You don't have to tell Norman Cousins that what tickles his fancy may evoke nary a grimace from the next fellow. But for those whose funny bones are of the same bent, here are some of the things he prescribes:
A Subtreasury of American Humor by E.B. White and Katharine White, especially the short White-written items.
James Thurber: Just about everything.
Robert Benchley: Just about everything.
Louis Untermeyer's old annual collections.
S.J. Perelman: Just about everything.
Old Marx Brothers movies: Just about all of them.
Ferenc Molnar's one-act plays.
Candid Camera Classics: Remember the one where the gas station attendant keeps filling the "bottomless" tank, 20 gallons, 30 gallons, 40 . . . ? Well, if you don't think that one is so funny anymore, how about the talking mailbox routine?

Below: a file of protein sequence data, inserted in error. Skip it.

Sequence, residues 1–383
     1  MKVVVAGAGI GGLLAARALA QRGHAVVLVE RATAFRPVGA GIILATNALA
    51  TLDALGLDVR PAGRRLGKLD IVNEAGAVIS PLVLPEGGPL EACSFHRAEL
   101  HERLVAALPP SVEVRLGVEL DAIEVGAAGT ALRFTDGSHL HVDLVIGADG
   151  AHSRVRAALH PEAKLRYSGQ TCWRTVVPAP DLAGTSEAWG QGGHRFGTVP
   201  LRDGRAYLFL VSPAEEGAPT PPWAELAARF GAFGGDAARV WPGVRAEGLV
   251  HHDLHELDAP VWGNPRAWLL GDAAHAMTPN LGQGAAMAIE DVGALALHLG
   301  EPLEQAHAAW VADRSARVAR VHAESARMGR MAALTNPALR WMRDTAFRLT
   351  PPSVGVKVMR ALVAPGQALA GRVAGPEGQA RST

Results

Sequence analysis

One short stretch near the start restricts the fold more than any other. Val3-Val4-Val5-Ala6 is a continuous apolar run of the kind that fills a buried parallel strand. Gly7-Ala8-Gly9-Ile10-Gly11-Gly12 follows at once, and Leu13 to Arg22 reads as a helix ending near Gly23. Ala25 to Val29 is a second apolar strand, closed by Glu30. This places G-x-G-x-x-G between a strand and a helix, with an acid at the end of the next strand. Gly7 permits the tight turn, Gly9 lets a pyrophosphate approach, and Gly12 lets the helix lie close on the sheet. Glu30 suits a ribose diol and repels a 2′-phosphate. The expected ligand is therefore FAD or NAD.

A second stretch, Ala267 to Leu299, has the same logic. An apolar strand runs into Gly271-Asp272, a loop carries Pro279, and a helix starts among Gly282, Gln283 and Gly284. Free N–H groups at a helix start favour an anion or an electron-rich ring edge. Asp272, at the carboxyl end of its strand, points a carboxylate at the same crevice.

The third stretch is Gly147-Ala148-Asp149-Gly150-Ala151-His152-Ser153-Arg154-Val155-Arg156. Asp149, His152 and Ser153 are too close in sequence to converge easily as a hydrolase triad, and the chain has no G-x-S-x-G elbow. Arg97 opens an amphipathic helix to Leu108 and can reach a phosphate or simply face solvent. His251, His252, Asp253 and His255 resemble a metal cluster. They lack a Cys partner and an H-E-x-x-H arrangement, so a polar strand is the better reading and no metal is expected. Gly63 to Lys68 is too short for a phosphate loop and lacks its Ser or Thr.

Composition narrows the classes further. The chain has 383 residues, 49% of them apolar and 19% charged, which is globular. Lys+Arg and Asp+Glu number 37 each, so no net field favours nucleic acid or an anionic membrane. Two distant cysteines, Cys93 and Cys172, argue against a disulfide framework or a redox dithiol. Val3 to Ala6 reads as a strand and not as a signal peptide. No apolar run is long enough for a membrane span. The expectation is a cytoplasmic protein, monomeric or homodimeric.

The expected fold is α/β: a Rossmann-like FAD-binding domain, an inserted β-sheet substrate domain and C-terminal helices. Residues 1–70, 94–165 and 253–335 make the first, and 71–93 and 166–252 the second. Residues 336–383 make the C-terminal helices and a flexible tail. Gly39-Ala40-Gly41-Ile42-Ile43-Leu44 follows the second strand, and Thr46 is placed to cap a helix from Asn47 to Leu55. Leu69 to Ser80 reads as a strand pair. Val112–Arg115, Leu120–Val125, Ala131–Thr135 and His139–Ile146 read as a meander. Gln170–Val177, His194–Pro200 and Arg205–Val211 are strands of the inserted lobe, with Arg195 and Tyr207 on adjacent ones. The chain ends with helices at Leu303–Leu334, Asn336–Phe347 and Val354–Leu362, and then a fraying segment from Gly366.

Cousins also rather likes his own "personal" items which still appear in the pages of the Saturday Review. (He also especially loves the responses from the people who think they're real.) For instance, from SRL, Jan. 20, 1979:
"WE REGRET MISLABELING ERROR that has resulted in our laundry soap flakes being packaged in boxes carrying shredded wheat labels. This warning does not apply to North Dakota and Montana where old supply is still adequate. Refunds cheerfully made. Everight Soap Company, SR Box S.F."
And finally, both the Allens, Woody and Steve ("starkly different" as they are) both in person and in print.